For me it includes the fact that I’ve traveled for years with a back pillow because of lower-back arthritis. But God reminds us there is a plan for these routine weaknesses. The world’s obsolescence, and the places this fallenness touches us, restrains our pride as we learn to depend on Jesus.
2. God used weakness to convert Paul’s boasting.
I’ve known a lot of guys who begin marriage with a cocky, know-it-all bravado. I was one of them. In my thinking as a single guy, marriage as a brand was taking a serious hit and needed some fresh blood to reverse the image-problem. It’s funny, though. When we’re strong—or think we’re strong—we can easily slip into boasting. It’s easy to talk about ourselves, to slip into self-satisfied conceit, or the more Christianized version found in the harmless “humblebrag.”
At multiple points in his life, Paul confessed his temptation to boast in his own credentials (Phil. 2:4–6), his own gifting (1 Cor. 14:18), and his own spiritual experiences (1 Cor. 12:5–6). But God used suffering to show him how all these things must be counted as nothing for the sake of knowing Christ. Instead of boasting in himself, Paul learned to boast in the Lord alone (1 Cor. 1:26–31).
Over the last decade, God has repeatedly placed Kimm and me in situations where the only way forward was through dependent prayer to him. As we bow our hearts, it becomes a necessary reminder of our need for him and dependence on him. In that place of weakness, God often brings strength.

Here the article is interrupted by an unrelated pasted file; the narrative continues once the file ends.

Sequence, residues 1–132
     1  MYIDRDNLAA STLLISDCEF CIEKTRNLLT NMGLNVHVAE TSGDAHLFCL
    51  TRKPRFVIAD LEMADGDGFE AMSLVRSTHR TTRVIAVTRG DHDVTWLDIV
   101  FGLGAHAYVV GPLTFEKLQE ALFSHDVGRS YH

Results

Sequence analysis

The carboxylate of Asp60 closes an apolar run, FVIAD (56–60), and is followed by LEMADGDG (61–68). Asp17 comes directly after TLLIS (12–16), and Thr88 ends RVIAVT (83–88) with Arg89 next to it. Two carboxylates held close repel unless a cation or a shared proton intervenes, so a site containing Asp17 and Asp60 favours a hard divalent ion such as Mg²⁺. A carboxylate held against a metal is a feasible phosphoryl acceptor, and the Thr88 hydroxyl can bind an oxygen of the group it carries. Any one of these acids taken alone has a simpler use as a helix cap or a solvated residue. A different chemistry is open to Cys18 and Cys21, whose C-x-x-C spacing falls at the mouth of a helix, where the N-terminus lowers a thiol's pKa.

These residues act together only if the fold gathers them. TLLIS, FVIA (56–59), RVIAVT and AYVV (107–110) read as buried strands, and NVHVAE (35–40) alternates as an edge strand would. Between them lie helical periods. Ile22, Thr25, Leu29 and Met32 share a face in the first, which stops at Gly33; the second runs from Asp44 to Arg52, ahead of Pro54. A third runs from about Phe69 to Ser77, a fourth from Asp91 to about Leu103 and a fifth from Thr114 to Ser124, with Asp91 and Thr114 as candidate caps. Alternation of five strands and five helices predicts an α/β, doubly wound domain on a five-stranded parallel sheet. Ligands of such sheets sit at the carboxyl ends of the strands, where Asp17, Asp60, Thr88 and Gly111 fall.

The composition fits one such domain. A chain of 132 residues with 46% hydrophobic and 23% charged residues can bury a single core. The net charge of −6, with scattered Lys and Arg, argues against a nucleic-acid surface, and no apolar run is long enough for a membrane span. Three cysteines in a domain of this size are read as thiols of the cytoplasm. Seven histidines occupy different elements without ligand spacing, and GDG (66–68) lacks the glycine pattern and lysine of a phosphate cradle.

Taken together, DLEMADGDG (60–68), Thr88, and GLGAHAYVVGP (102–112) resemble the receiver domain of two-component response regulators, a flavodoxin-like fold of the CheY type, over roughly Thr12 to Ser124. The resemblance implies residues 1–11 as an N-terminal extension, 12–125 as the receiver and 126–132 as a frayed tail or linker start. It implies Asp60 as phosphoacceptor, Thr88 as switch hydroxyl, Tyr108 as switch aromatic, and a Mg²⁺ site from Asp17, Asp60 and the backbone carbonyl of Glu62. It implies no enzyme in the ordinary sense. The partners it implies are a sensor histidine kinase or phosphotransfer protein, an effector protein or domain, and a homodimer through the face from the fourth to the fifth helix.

Paul tells us, “If I must boast, I will boast in the things that show my weakness” (2 Cor. 11:30). Why would he boast in his weakness? This brings us to the final effect God accomplishes through Paul’s suffering.
3. In his weakness, Paul encountered God’s grace and power.
It’s been humbling for me to realize it, but God does his best work when his power inhabits the places where we acknowledge our limits, our inabilities, and our true need for him. God doesn’t condemn us for our weakness. Instead, he’s decided to make our limitations—those patches of our human obsolescence—the very place where his strength prevails. He has a game plan that will ultimately confound the scholars and exalt the lowly: “God chose what is foolish in the world to shame the wise; God chose what is weak in the world to shame the strong” (1 Cor. 1:27).
Paul boasted in his weakness because he knows that’s where God shows up and shows out. In the weak place we see God’s power at work. The Creator designs the flaw that will produce the weakness. Planned, but providential, obsolescence.
His Power and Glory, Not Ours
Funny, but I actually left harbor on the good ship Matrimony assuming my weaknesses would diminish as my marriage grew. And sure, knowing one another better and sharing love and pain provided a strong foundation to build many memories and weather some big storms.
But the truth is, even something as wonderful as marriage can remain difficult, because God has a built-in design that’s about more than eliminating our weakness. God wants to display his power and glory, not ours. And the stage for that spotlight is often those places of weakness that produce built-in dependence. So, take the hand of your spouse and say along with Paul: “For the sake of Christ, then, I am content with weaknesses, insults, hardships, persecutions, and calamities. For when I am weak, then I am strong” (2 Cor. 12:10).
Hmm, weak is strong. In life, in marriage, and in the process of change. That’s quite a plan.